In 2004, Scott Zimmermann had a big idea. He had just quit the oil and gas industry — he’d been working in it for eight years, trying to reduce the impacts of fossil fuels — and enrolled at UC Berkeley as a dual-degree law student and master’s student in the Energy and Resources Group.
He knew he wanted to do something about climate change. But instead of lobbying for the state or the federal government to adopt carbon cap laws, as a lot of environmentalists were doing at the time, he decided to start right where he was — with the campus.
Berkeley had already been thinking about climate change. In fact, that’s what attracted Zimmermann to the campus to begin with.
“Berkeley was way ahead of the world in that regard. But no one was really saying, ‘Well, let’s look at our own household here, let’s look at where we live and let’s do it here first,'” says Zimmermann. “So this was the first coordinated effort to be responsible for our own carbon emissions.”
So, Zimmermann, along with other Berkeley students, started the Cal Climate Action Partnership, known as CalCAP. Today, a decade later, it’s still going strong — it’s grown to be a coalition of students, faculty and staff who are spearheading the UC system’s huge goal of reaching carbon neutrality by 2025.
But when it first started in 2004, CalCAP was just a group of students who wanted to make the world better.
“That says a lot. The fact that students were driving this, really driving it really from the beginning…”
Ziimmermann says they had faculty and staff supporters on the campus, too, but the fact that it was student-driven gave them the political power they needed to pursue the project.
“It shows that especially at a public university like University of California, how powerful that can be. Students really can change things.”
Also behind this effort was Tom Kelly, founder of the Berkeley nonprofit Kyoto USA, which was advocating for carbon caps within local organizations. Zimmermann says the nonprofit’s mission fit perfectly with Berkeley’s goals and politics.
“We sat together and really thought about how do we engage this massive university and establishment… People were starting to make a connection between climate change and energy, but it really wasn’t mainstream yet.”
The first and biggest hurdle was getting the campus on board — convincing all the different constituencies to commit to delivering the education and research in a way that was sustainable for the planet.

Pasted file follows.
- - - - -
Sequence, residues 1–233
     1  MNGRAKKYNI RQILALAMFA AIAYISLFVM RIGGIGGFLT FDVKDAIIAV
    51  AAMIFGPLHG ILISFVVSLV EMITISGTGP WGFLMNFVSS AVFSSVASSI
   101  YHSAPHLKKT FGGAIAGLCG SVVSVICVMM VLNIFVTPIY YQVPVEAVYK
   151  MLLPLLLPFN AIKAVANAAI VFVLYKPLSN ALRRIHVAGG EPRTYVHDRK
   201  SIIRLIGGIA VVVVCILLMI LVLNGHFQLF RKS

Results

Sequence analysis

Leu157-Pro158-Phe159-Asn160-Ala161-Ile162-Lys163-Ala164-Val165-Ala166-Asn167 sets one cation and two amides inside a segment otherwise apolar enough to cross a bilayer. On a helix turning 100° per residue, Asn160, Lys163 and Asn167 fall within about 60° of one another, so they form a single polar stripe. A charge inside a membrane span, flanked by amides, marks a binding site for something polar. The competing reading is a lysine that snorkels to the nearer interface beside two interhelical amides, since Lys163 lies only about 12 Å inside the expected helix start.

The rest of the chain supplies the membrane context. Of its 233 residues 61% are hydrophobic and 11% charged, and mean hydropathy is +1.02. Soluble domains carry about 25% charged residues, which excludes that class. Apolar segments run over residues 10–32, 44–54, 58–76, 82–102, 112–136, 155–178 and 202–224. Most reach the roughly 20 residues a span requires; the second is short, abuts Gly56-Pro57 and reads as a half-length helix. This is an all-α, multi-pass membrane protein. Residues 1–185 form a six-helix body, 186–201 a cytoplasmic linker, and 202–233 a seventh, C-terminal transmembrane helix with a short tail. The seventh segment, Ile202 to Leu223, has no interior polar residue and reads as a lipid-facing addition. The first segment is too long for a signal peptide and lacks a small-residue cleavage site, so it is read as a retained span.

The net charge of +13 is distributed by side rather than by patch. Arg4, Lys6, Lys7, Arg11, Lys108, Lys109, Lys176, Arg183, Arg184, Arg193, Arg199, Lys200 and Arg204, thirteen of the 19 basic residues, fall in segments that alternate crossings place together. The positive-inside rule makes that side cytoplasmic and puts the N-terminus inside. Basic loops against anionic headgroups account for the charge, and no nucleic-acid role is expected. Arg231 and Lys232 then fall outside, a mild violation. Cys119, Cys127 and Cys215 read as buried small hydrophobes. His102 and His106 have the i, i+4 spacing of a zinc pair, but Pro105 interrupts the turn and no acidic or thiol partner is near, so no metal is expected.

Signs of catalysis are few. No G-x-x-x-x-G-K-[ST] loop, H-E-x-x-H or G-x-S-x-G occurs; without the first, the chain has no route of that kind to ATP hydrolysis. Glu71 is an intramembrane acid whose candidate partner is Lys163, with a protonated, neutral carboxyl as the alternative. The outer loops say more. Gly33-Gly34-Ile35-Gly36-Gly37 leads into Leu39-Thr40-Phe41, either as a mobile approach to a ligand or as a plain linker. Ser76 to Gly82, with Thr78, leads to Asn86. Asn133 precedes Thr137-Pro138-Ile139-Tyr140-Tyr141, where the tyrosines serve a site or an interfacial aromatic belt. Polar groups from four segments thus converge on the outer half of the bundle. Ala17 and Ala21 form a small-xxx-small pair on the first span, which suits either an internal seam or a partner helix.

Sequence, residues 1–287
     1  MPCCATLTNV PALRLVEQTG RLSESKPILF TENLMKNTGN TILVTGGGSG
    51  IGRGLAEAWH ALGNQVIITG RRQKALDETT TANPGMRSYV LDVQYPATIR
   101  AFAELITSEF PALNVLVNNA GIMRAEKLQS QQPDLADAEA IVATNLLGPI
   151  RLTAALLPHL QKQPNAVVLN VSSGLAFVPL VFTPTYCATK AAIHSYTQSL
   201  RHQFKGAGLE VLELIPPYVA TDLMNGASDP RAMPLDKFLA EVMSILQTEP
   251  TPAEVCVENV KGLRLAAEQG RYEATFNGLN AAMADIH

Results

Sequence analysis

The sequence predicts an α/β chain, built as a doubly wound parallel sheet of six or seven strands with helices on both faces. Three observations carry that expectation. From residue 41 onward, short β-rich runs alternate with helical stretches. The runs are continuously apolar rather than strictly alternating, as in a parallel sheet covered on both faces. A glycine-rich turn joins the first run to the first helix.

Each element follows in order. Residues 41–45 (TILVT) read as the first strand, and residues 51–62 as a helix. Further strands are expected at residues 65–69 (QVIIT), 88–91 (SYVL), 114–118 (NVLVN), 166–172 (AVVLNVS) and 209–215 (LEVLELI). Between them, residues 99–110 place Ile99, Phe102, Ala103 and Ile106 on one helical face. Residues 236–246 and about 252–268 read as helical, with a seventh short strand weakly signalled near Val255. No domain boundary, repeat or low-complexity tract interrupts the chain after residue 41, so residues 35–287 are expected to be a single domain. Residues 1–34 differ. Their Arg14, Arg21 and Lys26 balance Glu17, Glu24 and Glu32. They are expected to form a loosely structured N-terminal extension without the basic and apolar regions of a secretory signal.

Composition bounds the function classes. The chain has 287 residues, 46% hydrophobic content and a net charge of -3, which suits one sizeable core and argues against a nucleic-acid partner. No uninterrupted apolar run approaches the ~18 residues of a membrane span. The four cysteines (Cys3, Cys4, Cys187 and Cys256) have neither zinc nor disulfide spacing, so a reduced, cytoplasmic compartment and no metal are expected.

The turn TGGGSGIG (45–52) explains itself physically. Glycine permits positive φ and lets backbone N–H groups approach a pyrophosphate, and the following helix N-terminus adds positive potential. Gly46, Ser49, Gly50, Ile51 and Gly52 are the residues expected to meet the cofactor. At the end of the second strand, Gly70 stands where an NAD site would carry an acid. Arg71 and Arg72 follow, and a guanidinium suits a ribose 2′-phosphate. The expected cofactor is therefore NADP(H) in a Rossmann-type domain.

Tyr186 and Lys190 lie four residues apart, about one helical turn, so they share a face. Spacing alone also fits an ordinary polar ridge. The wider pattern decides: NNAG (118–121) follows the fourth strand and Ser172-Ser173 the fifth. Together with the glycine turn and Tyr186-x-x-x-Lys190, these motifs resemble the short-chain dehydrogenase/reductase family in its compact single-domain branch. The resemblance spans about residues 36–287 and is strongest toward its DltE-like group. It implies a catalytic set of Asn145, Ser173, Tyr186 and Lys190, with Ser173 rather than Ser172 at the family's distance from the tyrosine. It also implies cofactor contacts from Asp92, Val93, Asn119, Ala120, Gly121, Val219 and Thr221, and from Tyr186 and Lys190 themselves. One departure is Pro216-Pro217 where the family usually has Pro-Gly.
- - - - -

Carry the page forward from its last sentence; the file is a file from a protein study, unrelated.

“We always knew that carbon neutrality is ultimately where we need to go. Yeah, it maybe costs a little bit more, it’s a little bit harder to be carbon neutral, but at the end of the day, just making it a fundamental principle and showing that if you put your mind to it you actually can make it work if you make it a priority.”
In 2007, the team won the Big Ideas@Berkeley contest and received $5,000 — enough to pay a student group to measure the campus’s carbon footprint and continue to recruit allies to join the effort. The project grew, with dozens of people — administrators, faculty and staff — joining the collaboration.
After 18 months, CalCAP completed its plan to reduce greenhouse gas emissions. The goal was a lofty one. They aimed to reduce the campus’s emissions to the levels they were in 1990 by the year 2014.
They brought the plan to then-Chancellor Robert Birgeneau, who signed it and officially adopted the policy.
In 2008, CalCAP became part of Berkeley’s Office of Sustainability and Energy, and has led hundreds of projects on energy efficiency, transportation, procurement, water and travel — all working to lighten the campus’s carbon footprint.
One of the biggest efforts has focused on buildings, which account for nearly 40 percent of carbon emissions in the U.S. Campus buildings are now switching out fluorescent lights with more efficient LED lights — and by the end of 2015, the campus will have solar panels at five sites.
Berkeley reached its greenhouse goal two years ahead of schedule. Shortly following, UC President Janet Napolitano announced a new goal: The entire UC system will aim for carbon neutrality by 2025.
It’s a goal Zimmermann says is ambitious, but achievable. “It’s really amazing that we have this kind of leadership. And also just to know that that goal wouldn’t have been made if it wasn’t possible.”
There’s a lot of work to be done, but Zimmermann, who now works as a lawyer in San Francisco, knows CalCAP is up for the challenge. Big goals, he knows, begin with big ideas.
To learn more about the Cal Climate Action Partnership’s work, visit the group’s website.
Big Ideas@Berkeley supports innovative student projects. Learn more about the program at bigideas.berkeley.edu.